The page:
Heap Sort Algorithm

11 12 2007

The heap sort does not require massive recursion or multiple arrays to work. This makes it an attractive option for very large data sets of millions of items.

The heap sort works as it name suggests – it begins by building a heap out of the data set, and then removing the largest item and placing it at the end of the sorted array. After removing the largest item, it reconstructs the heap and removes the largest remaining item and places it in the next open position from the end of the sorted array. This is repeated until there are no items left in the heap and the sorted array is full. Elementary implementations require two arrays – one to hold the heap and the other to hold the sorted elements.

To do an in-place sort and save the space the second array would require, the algorithm below “cheats” by using the same array to store both the heap and the sorted array. Whenever an item is removed from the heap, it frees up a space at the end of the array that the removed item can be placed in.

Heap Sort Routine

// array of integers to hold values
private int[] a = new int[100];

// number of elements in array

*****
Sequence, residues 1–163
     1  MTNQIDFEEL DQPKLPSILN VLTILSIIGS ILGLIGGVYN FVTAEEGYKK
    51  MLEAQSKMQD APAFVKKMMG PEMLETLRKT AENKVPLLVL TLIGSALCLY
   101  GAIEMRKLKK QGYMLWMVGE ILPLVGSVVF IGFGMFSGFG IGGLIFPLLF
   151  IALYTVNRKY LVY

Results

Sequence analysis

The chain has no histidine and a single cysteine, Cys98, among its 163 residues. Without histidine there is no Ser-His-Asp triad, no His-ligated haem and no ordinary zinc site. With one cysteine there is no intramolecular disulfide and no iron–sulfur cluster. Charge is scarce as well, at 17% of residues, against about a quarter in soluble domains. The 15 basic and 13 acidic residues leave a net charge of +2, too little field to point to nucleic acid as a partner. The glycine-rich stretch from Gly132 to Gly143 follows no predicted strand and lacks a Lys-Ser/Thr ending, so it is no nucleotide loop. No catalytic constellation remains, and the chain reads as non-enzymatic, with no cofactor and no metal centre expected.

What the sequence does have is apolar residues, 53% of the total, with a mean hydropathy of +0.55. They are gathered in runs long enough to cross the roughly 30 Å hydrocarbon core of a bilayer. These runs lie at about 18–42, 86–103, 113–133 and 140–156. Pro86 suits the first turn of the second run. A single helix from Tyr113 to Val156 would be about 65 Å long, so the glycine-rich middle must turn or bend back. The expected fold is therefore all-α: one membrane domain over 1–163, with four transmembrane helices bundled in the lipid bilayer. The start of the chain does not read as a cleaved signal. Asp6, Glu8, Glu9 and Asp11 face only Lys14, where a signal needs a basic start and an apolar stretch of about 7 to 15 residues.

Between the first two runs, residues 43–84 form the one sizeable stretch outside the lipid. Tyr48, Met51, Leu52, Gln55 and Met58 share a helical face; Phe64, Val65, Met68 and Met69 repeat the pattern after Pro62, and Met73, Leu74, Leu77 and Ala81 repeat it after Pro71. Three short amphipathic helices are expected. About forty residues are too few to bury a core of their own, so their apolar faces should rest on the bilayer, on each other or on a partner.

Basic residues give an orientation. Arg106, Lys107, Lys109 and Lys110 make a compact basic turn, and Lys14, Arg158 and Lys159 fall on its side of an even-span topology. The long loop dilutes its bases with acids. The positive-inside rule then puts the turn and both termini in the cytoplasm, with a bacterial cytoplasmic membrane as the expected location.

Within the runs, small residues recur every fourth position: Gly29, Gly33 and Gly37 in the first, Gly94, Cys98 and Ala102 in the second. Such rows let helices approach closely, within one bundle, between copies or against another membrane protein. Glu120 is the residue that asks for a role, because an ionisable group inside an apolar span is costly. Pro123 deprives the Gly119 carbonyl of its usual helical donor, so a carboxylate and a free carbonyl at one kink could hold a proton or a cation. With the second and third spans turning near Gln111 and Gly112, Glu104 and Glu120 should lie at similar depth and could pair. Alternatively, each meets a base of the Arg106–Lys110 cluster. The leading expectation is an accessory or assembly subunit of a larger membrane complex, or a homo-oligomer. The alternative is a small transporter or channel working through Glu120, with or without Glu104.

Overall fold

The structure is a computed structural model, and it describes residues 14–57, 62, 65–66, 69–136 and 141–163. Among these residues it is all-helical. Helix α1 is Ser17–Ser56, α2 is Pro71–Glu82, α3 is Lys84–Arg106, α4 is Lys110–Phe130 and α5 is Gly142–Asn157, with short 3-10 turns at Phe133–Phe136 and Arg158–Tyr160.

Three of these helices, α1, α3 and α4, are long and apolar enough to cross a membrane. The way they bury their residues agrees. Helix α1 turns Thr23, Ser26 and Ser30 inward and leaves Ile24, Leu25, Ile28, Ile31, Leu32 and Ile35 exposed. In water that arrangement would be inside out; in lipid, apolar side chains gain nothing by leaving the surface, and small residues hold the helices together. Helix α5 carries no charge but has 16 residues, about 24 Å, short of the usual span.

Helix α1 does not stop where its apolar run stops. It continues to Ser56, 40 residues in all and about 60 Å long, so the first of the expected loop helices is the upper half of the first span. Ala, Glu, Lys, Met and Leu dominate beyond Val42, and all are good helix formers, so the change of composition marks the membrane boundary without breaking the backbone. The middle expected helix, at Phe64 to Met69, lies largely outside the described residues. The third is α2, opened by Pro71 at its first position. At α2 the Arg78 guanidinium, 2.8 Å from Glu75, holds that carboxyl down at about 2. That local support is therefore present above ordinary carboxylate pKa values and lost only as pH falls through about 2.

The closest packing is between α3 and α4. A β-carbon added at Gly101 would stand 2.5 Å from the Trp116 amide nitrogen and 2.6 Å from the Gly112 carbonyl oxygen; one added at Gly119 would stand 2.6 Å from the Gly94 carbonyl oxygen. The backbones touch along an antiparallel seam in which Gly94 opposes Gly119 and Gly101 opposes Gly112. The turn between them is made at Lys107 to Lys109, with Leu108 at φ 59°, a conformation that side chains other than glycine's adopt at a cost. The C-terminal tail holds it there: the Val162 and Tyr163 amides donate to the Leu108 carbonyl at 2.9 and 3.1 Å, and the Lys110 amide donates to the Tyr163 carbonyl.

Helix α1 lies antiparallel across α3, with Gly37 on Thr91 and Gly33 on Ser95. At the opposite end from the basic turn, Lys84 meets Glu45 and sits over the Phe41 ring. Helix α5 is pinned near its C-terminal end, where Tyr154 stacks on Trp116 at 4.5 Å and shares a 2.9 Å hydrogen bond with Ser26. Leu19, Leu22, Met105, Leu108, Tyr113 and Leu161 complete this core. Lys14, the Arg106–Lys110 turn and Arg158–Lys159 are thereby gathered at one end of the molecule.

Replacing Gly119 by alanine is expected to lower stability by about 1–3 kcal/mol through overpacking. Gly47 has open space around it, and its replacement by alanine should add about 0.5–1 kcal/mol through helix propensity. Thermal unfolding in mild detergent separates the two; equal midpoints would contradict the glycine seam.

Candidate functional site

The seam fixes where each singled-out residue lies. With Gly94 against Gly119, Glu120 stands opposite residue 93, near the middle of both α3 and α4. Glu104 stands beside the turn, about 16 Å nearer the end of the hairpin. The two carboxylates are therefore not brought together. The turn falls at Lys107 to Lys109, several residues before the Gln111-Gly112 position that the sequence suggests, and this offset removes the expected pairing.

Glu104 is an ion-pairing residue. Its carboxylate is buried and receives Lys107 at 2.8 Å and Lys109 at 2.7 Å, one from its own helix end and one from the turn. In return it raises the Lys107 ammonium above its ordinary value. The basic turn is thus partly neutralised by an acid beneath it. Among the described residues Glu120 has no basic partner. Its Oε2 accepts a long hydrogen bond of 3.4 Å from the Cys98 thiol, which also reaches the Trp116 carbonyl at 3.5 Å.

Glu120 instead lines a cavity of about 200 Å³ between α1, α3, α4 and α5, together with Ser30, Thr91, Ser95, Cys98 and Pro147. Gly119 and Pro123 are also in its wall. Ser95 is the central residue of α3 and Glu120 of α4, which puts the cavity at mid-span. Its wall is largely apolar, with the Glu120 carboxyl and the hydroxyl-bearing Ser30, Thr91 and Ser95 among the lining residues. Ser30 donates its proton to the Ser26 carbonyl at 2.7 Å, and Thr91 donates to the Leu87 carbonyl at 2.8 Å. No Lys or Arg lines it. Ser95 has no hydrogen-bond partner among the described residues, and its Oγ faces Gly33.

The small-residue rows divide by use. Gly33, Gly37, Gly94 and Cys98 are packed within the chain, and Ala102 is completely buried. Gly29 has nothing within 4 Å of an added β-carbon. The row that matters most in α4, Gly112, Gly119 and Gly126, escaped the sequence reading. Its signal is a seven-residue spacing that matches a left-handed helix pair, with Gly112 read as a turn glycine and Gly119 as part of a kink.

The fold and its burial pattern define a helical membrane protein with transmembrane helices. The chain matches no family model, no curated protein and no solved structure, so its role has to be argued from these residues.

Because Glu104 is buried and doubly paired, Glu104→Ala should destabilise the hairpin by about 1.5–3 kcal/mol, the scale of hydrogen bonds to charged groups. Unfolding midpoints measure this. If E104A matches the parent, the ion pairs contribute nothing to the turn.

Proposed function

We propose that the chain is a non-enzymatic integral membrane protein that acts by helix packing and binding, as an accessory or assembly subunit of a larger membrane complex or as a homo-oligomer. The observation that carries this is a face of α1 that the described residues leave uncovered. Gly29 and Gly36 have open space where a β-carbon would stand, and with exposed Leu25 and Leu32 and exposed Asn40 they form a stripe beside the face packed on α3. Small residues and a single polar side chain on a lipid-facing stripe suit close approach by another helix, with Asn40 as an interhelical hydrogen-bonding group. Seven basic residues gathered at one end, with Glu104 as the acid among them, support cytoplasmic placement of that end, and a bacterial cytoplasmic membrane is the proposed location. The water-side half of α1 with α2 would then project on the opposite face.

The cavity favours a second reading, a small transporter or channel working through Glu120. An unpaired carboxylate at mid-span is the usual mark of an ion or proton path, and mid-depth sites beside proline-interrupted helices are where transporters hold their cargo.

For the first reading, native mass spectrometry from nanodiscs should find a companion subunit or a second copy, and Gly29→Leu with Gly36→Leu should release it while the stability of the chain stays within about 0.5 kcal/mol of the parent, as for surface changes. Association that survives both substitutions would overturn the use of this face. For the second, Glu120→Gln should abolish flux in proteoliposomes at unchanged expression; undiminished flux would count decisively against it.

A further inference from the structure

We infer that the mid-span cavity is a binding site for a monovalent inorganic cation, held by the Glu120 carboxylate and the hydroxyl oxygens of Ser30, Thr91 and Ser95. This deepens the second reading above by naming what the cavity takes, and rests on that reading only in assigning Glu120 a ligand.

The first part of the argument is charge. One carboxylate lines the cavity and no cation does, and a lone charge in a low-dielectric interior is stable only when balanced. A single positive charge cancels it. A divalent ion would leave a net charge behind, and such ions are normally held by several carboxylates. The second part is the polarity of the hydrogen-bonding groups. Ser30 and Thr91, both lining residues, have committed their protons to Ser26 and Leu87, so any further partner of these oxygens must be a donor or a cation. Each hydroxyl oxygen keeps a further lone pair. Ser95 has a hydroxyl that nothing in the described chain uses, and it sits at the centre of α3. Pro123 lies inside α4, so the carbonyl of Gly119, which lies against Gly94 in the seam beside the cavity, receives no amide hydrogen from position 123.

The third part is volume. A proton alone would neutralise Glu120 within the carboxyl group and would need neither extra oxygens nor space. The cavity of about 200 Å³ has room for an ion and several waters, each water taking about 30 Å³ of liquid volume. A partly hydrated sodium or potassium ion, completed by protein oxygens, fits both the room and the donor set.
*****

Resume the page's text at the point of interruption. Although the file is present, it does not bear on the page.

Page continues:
private int x;

// Heap Sort Algorithm
public void sortArray()
{
int i;
int temp;

for( i = (x/2)-1; i >= 0; i– )
{
siftDown( i, x );
}

for( i = x-1; i >= 1; i– )
{
temp = a[0];
a[0] = a[i];
a[i] = temp;
siftDown( 0, i-1 );
}
}

public void siftDown( int root, int bottom )
{
bool done = false;
int maxChild;
int temp;

while( (root*2 <= bottom) && (!done) )
{
if( root*2 == bottom )
maxChild = root * 2;
else if( a[root * 2] > a[root * 2 + 1] )
maxChild = root * 2;
else
maxChild = root * 2 + 1;

if( a[root] < a[maxChild] )
{
temp = a[root];
a[root] = a[maxChild];
a[maxChild] = temp;
root = maxChild;
}
else
{
done = true;
}
}
}

You can download the full code here, or the compiled code here.

further : http://www.publicjoe.f9.co.uk/

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